Drax the Destroyer: Earth Fall

Drax the Destroyer: Earth Fall
Drax the Dsetroyer Earth Fall review
  • North American Publisher / ISBN: Marvel - 0-7851-1806-3
  • Release date: 2006
  • UPC: 9780785118060
  • Contains adult content?: no
  • Does this pass the Bechdel test?: no
  • Positive minority portrayal?: no
  • CATEGORIES: Drama, Superhero

Cammi is almost eleven and bored out of her skull in Coot’s Bluff, Alaska, neglected by an alcoholic mother, easily able to manipulate the other school kids, and desperate for something interesting to happen. It does when an alien prison craft crash lands, spilling out galactic villains the Blood Brothers, Lunatik, and Paibak the Power Skrull, which is one wretched name, but he’s a well fleshed out character. In Keith Giffen’s ramped up version of a Western, Paibak is the pragmatic villain, willing to throw his weight around a little, but primarily concerned with escaping Earth before the superheroes show up. Also on the prison transport was Drax the Destroyer, somewhat addled, but fundamentally decent, and also immensely strong. It’s not very clearly explained, but when Cammi goes searching for the UFO, Drax mistakes her for his daughter.

Mitch Breitweiser is great with locations, with scenery and with ordinary Earth people, but his strange weak spot is all the aliens on the prison transport. Lunatik appears to have no face as it’s always a blob of black ink, sometimes with white eyes seen behind a fringe, Drax and the Blood Brothers come from the same lumpy potato stock, except Drax is coloured green, and Paibak is the exception, looking like we expect a Skrull to look. Because part of Earth Fall’s purpose, is to revitalise Drax, this includes a makeover, and Breitweiser’s redesign is far easier on the eye. His work on Cammi is great, really defining her well via glances and expressions, and whether it was Breitweiser or Giffen who set much of the story in the rain, it’s an atmospheric touch.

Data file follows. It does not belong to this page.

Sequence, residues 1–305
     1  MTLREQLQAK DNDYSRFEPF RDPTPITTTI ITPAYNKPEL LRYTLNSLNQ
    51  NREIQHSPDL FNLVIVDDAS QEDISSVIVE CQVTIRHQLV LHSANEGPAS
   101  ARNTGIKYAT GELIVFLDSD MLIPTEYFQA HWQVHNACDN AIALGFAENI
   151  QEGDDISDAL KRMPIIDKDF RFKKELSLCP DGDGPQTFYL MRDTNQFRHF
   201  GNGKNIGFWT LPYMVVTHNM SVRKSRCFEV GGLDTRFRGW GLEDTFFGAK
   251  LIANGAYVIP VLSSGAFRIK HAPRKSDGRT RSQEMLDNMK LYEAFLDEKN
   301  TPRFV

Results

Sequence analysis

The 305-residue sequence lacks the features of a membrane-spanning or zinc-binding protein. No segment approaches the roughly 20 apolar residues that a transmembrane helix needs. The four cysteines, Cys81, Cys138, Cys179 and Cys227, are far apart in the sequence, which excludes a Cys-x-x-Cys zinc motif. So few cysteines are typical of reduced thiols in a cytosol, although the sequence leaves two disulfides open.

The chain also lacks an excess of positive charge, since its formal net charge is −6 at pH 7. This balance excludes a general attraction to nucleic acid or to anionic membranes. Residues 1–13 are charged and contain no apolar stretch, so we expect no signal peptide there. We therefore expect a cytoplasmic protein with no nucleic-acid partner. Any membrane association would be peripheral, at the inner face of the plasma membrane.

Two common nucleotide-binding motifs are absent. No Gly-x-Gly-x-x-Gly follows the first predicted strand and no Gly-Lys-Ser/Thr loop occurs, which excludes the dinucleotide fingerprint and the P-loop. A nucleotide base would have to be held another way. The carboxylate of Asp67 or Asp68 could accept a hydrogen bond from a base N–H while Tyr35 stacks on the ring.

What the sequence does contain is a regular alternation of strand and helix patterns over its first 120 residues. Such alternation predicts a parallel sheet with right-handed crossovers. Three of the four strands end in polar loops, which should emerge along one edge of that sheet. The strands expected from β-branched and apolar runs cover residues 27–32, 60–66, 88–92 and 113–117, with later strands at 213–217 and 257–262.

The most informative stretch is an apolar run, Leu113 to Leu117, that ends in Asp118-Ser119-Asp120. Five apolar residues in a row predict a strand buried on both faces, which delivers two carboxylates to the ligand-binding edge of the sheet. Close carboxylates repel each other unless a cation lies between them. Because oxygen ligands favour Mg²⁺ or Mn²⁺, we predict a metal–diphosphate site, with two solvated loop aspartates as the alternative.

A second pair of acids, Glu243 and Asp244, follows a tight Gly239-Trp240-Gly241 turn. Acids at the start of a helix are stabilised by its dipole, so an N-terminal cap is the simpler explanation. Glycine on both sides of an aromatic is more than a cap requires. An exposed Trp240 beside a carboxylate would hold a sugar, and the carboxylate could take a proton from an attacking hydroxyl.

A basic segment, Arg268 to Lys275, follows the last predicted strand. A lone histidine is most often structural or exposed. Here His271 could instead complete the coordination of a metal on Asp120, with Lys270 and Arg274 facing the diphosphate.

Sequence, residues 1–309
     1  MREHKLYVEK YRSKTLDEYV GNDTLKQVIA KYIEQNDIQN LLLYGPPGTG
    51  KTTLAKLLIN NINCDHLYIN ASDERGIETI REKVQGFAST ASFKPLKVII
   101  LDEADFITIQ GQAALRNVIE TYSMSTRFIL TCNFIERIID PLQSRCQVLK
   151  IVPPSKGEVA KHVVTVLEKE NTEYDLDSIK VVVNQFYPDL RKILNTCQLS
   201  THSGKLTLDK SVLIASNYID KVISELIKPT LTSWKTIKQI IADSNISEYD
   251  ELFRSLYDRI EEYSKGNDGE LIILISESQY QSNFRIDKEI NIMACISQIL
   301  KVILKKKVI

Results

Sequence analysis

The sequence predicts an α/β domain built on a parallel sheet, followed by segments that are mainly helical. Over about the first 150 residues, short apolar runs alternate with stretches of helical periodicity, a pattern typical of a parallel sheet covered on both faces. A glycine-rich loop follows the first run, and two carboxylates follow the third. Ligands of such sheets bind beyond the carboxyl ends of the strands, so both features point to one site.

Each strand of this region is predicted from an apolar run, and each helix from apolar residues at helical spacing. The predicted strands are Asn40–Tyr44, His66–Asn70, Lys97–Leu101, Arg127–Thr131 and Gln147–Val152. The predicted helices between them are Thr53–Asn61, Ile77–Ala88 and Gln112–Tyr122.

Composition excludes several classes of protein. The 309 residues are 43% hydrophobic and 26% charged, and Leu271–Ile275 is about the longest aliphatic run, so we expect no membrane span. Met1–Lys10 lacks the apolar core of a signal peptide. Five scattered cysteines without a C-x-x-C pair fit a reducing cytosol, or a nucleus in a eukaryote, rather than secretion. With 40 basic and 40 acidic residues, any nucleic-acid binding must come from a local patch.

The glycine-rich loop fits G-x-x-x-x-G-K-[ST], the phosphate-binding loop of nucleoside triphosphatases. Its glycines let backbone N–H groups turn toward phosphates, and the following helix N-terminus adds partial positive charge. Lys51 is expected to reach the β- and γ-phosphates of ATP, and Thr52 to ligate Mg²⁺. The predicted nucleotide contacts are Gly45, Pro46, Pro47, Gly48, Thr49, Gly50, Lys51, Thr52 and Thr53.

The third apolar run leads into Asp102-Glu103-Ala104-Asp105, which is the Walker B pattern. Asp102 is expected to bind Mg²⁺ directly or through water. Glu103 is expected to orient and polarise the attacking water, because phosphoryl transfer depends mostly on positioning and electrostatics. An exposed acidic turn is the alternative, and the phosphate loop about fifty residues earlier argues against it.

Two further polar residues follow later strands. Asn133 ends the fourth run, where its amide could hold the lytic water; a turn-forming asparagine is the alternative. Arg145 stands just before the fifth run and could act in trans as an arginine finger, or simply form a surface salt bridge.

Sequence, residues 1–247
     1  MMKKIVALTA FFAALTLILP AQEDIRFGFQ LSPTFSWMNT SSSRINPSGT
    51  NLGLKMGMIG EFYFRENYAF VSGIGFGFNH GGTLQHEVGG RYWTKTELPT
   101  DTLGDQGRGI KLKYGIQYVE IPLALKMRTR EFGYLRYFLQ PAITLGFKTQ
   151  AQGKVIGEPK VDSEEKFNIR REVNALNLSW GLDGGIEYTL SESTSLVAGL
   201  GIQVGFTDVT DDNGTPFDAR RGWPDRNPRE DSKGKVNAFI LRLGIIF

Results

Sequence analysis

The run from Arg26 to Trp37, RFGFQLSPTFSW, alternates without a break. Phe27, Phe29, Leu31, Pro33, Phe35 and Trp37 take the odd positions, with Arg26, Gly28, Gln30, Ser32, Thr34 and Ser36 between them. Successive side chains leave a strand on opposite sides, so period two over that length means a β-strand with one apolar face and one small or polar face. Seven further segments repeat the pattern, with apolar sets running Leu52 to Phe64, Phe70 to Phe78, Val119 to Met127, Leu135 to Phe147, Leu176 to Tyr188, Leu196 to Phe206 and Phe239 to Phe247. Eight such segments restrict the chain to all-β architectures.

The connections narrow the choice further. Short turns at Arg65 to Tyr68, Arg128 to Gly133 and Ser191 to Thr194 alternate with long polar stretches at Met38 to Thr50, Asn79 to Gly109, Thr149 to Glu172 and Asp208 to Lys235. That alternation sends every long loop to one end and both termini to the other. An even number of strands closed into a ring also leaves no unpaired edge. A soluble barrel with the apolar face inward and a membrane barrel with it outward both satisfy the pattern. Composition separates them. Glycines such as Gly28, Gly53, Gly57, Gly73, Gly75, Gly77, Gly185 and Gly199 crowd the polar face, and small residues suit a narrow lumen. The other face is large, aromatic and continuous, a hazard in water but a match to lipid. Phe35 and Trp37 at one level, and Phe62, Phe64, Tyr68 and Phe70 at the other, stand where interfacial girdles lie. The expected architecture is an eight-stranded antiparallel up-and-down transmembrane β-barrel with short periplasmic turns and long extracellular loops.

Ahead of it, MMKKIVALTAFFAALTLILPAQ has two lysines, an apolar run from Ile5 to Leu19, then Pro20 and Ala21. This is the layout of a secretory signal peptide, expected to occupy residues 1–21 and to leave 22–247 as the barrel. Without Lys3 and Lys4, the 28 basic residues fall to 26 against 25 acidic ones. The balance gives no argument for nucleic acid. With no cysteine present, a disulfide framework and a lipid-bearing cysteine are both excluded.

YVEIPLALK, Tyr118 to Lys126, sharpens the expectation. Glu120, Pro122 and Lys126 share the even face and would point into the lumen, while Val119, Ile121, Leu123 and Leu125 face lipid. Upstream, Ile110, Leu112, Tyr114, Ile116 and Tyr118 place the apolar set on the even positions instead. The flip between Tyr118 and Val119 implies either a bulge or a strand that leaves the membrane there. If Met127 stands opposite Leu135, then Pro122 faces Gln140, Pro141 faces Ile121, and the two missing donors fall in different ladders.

Because Giffen is using the Western template, some of Earth Fall is predictable, but never write off Giffen, because other parts aren’t. Cammi, for instance, who isn’t just there for the short term, she’s a character constructed for further use, and what happens to one of the other lead characters is shocking. An open ended conclusion rounds off what’s served its purpose. Drax is a different character at the end, and most of getting him that way has been entertaining.

As Drax took his place in the ensemble cast of Annihilation, this series is collected in Book One of both the paperback collections and the hardcover Omnibus.